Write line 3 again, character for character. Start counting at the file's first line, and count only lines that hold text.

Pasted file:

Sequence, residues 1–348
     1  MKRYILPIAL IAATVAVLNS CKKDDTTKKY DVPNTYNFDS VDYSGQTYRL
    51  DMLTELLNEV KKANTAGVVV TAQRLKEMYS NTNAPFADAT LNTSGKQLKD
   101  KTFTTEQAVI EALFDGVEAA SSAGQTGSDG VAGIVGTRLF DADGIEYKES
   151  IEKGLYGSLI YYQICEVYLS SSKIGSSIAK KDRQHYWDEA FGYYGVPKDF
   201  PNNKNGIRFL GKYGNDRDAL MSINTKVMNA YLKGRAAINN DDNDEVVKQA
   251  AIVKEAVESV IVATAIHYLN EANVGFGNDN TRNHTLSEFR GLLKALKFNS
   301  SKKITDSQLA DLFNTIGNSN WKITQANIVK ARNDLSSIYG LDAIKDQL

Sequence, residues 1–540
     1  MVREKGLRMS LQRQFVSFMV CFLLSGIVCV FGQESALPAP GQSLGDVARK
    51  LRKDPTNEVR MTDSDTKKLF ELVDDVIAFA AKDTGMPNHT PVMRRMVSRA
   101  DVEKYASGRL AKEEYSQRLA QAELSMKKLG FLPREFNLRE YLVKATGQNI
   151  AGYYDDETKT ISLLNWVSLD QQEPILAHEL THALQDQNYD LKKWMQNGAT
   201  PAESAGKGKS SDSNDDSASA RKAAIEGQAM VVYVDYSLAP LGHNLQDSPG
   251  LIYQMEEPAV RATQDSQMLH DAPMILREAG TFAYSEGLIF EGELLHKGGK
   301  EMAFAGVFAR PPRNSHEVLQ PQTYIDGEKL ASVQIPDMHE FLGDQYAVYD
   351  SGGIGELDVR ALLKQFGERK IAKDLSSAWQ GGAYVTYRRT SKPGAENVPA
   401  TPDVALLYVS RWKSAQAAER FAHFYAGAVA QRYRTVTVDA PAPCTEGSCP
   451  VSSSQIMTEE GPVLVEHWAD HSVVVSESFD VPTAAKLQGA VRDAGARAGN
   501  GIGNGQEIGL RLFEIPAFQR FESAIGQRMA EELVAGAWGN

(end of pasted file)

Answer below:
    51  DMLTELLNEV KKANTAGVVV TAQRLKEMYS NTNAPFADAT LNTSGKQLKD